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Nintendo says that not everyone will be able to find a Wii

Even a year after launch, the Nintendo Wii still remains a hot item that rarely ever stays in retail stock –and comments from Nintendo of America president Reggie Fils-Aime indicate that demand will once again outstrip supply this holiday season.

“We have been sold out worldwide since we launched,” said Fils-Aime to the Mercury News. “Every time we put more into the marketplace, we sell more, which says that we are not even close to understanding where the threshold is between supply and demand.”

Fils-Aime adds that Nintendo is doing everything it can to meet the demand for Wii, and that “The issue is not a lack of production.”

“The issue is we went in with a curve that was aggressive, but the demand has been substantially more than that. And the ability to ramp up production and to sustain it is not a switch that you flick on. We're working very hard to make sure that consumers are satisfied this holiday, but I can't guarantee that we're going to meet demand. As a matter of fact, I can tell you on the record we won't,” said Fils-Aime.

In a previous story, the Nintendo president said that holiday supplies of the Wii will be “substantially more than the launch, substantially more than has been seen to date ... given the level of demand and given the fact that the more we put in, the more we sell, it is still going to be difficult to get your hands on the Wii.” 

Since launch, the Wii has topped the sales charts. NPD sales data from August showed the Wii selling 403,600 units, while the Xbox 360 sold 276,000 and the PS3 130,600. The Wii also became the fastest selling console in history in the UK, and according to several sources, Nintendo’s latest machine is now the worldwide leader for the generation.



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RE: Industry's understanding of Wii is flawed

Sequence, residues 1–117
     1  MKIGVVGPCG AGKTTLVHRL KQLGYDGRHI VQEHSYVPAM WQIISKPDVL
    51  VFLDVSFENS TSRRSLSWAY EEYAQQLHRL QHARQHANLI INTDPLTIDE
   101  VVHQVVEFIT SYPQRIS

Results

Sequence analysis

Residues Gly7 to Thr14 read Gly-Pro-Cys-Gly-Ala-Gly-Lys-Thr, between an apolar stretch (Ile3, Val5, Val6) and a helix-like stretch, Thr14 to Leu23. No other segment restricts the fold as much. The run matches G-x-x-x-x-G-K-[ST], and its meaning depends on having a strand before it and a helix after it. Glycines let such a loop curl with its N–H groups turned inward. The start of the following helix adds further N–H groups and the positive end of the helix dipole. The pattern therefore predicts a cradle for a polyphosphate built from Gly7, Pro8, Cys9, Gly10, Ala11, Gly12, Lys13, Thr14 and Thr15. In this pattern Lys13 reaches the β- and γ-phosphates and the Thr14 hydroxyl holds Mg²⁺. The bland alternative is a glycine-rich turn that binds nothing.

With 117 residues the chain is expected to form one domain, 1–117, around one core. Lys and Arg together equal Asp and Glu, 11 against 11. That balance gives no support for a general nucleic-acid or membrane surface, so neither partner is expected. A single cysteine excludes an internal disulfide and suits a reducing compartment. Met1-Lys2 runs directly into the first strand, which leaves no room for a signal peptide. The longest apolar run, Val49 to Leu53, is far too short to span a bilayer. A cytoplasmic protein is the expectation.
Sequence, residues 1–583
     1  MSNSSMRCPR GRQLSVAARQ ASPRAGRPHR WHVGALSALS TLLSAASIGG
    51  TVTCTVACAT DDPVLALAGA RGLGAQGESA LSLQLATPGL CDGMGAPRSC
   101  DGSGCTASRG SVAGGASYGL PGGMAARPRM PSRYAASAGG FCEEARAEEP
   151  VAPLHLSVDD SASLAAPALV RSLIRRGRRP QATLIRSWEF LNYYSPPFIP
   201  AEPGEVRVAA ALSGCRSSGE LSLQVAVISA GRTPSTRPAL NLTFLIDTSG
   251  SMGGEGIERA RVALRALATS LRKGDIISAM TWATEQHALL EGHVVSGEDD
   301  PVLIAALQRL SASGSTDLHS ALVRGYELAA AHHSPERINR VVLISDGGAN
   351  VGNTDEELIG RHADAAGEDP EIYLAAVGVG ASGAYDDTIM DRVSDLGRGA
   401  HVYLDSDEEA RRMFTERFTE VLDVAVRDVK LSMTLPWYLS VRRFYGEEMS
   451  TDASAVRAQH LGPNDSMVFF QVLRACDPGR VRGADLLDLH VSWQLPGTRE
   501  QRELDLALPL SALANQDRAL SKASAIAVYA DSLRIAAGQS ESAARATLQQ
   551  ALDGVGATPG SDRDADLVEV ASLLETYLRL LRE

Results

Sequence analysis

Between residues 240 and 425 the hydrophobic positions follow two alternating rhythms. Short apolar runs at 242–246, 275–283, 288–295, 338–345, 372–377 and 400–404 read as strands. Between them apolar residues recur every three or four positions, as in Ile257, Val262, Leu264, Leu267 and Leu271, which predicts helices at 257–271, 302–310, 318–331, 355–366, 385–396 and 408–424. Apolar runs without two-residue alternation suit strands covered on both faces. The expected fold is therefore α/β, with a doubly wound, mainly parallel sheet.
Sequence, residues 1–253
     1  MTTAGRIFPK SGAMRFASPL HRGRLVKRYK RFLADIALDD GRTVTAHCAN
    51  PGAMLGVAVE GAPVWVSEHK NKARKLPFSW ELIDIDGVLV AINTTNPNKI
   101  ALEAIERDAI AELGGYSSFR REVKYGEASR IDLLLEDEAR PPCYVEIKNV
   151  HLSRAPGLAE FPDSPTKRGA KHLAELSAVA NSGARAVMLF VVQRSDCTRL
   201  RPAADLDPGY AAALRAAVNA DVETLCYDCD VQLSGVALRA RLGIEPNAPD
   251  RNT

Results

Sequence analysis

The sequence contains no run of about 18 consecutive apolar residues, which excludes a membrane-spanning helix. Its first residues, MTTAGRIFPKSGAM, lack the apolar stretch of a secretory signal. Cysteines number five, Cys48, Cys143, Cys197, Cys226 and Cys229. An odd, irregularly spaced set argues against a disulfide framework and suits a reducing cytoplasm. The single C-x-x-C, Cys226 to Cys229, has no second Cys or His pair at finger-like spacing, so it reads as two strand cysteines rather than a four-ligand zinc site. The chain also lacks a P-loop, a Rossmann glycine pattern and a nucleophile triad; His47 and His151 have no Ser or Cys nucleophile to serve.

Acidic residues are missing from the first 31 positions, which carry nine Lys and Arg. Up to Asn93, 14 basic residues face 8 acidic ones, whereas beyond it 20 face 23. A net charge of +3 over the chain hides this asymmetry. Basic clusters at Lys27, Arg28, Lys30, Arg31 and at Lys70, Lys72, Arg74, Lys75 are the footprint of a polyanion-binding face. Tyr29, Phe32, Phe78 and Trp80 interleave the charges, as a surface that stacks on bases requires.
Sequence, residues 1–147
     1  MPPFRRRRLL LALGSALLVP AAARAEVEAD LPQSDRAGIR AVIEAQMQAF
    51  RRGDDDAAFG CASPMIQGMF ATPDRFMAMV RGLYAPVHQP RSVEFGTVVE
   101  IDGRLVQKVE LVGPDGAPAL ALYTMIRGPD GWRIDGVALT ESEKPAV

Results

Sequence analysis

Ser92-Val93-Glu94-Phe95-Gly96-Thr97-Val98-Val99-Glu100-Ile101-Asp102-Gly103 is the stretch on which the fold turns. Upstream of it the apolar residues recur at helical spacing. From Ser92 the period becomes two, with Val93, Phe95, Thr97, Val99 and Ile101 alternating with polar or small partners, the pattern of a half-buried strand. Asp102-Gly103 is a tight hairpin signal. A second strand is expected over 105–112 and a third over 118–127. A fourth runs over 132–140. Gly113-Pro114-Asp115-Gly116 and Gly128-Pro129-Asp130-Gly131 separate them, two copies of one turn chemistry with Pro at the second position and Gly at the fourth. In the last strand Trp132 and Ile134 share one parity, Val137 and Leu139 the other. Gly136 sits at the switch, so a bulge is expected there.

By T3raYon on 10/1/2007 4:38:26 PM , Rating: 0
Hmmm.
I wonder why this manufacturing scale up/down appears to be a huge issue for many people. I'm working in an industry where resource demands can spike up and down in a week time.
I have worked in other industries where it was slower but not being able to manage a production output issue for a year is unheard of unless there is a substantial issue with either the line itself or part supplies. Since Nintendo claims none of these two are a problem I'm puzzled.
One year in the IT industry can represent the FULL life cycle of a product from launch to withdrawing from market.
I still can't buy the "official" explanation. I believe it's a smoke to cover something up. I can't guess what it is.


By Phynaz on 10/1/2007 7:51:31 PM , Rating: 4
You are obviously not working in an industry where fab capacity must be booked 6 - 12 months ahead of time.


By StillPimpin on 10/2/2007 10:23:40 AM , Rating: 2
I think we are a little confused. While the Wii, 360 and PS3 are "computers", they do not play in the IT industry. They are "Consumer Electronics." CE's which have a much longer life cycle than others. 5+ years as opposed to 6-12 months.

Now I don't know much about manufacturing but I don't believe that Nintendo is artificially keeping supply low to keep demand high. That is a risky game that I don't believe Nintendo willing to play right now.

I do believe however that they have not been releasing as much quantity into the market place as they could have because they have forecasted demand to be much higher this holiday season, and so they have held a little back to meet demand for that time, while still trying to satisfy current demand. In other words, they are playing it safe, which I believe is the right thing to do. I for one am going to get one for my family this holiday season if I can get my hand on one. If not, it might not be until September that I even consider getting one again.

And I believe this is where I believe Nintendo is planning on making its hay. Try to meet demand this holiday and if they can't, ramp production a little and release as much product as you can until you reach demand. That way they can increase production to meet demand without committing too many resources that they one day will not need.


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